) – late November 1622 o.s.), more commonly known by the diminutive variant Squanto, was a Patuxet Native North American known for having been an early liaison between the native populations in Southern New England and the Mayflower settlers, who made their settlement at the site of Squanto's former summer village.One of the last surviving people of the Patuxet tribe—who had lived on the western coast of Cape Cod Bay and were annihilated by an epidemic infection—he acted as a translator, guide, and advisor while he lived with them for 20 months.William Wood noted in his 1634 report that "to speake paradoxically, they be great eaters, and yet little meate-men …" Stanford nutritionist M. Bennett concluded that 60% of their daily caloric intake came from grain products and only 10% from animal or bird flesh (as opposed to more than 20% in the average diet in mid-20th-century America).The proficiency at horticulture allowed the southern New England Natives to accumulate enough surplus not only for their own winter needs, but also for trade (especially to northern native bands), and as the English settlers repeatedly sought, to relieve their distress for many years when the harvests of the English proved insufficient.He soon became attached to the English settlers, whom he assisted in plantings of native vegetables, obtaining trade with local peoples and dealings with other native tribes, in at least one case endangering his safety in the process.He accompanied the settlers on a variety of missions to surrounding Natives as a result of which the English settlers created a peace and trade regime that ensured their security against attack and gave them the opportunity to obtain food supplement when their own supplies became insufficient, which became the case as more unprovisioned settlers were sent by their London commercial underwriters.Or perhaps the name was selected at the time of his 1621 encounter with the English settlers either as a defense to their cultural or religious influence or because he was entering a cultural no-mans-land.Almost nothing is known of Squanto's life before his first contact with Europeans, and even when and how that first encounter took place is subject to contradictory assertions.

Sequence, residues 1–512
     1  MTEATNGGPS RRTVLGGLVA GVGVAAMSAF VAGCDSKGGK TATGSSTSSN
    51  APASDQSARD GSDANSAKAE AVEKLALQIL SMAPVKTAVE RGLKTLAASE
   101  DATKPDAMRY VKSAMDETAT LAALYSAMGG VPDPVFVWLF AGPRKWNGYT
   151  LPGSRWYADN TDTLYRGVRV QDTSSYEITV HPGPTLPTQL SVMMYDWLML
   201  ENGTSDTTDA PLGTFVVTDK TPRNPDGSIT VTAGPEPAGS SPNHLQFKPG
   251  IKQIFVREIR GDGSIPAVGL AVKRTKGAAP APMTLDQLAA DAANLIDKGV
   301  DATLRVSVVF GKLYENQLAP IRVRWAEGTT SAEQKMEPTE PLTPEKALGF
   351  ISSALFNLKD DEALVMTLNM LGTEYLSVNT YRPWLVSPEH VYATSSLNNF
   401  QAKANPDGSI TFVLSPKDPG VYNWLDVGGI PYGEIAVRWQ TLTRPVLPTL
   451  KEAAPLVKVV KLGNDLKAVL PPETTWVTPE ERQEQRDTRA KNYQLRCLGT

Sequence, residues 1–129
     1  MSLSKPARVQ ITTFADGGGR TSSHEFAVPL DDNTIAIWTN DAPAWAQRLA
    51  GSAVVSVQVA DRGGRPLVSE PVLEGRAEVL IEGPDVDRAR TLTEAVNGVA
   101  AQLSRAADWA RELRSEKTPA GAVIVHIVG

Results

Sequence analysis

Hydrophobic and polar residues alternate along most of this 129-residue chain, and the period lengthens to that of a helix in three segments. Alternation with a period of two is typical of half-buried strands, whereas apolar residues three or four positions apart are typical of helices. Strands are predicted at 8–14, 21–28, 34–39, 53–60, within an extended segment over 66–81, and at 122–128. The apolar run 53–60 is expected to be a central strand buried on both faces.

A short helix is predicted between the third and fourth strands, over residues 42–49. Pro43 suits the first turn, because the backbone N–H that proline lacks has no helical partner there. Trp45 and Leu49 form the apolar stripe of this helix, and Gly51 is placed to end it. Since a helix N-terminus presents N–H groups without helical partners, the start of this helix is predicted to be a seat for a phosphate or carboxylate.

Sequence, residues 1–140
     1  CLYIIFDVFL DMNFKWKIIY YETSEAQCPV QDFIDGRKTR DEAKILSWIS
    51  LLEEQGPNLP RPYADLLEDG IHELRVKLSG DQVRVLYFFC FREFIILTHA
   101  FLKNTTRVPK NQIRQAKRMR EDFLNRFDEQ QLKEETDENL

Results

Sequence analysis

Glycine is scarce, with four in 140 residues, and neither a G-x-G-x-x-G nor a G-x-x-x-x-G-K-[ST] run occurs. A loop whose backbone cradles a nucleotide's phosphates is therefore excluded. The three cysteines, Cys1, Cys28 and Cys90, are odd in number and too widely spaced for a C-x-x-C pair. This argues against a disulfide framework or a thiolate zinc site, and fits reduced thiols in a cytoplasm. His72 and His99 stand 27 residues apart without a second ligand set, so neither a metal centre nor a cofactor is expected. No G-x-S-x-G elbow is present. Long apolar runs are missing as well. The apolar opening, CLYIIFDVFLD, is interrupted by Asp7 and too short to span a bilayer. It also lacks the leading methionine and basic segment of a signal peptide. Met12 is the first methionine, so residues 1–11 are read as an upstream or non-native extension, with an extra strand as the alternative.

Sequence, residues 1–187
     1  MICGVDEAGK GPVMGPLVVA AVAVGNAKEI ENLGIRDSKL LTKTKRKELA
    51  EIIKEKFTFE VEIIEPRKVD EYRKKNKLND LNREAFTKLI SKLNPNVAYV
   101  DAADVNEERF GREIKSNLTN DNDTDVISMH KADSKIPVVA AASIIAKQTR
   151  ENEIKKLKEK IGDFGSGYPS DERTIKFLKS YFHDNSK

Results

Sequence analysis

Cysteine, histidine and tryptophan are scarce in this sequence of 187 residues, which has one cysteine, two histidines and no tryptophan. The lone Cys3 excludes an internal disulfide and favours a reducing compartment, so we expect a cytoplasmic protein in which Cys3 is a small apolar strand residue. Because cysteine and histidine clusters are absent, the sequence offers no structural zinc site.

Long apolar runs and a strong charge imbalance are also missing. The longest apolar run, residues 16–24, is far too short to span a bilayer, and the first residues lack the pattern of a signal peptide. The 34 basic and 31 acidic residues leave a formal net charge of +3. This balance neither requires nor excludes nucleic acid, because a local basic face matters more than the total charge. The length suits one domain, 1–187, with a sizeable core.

The members of this polity were those who pledged to defend not only the sachem himself by the institution of the sachemship itself.
Unlike the native inhabitants living in northern Maine and Canada where the annual growing season was insufficiently long to reliably produce maize harvests (and they, as a result, were required to live a fairly nomadic existence Although their habitations were relatively mobile, being made of striplings fixed in a circle in the ground with their tops tied by walnut bark (with hole for smoke from central fire inside), covered with mats of reed, hemp and hides, the one main migration of the entire population of each tribe (including women and children) was a biannual one and took place only from winter residence (in warmer forested areas) to summer habitation (near the cornfields) and back again.
Maize and other cultivated vegetables made up a substantial part of the Ninnimissinuok diet.
It is therefore unlikely that it was his birth name rather than one he acquired or assumed later in life, but there is no historical evidence on this point.
The name may suggest, for example, that he underwent special spiritual and military training (as a pniesesock, or otherwise), and for this reason was selected for his role as liaison with the English settlers in 1620 (see below).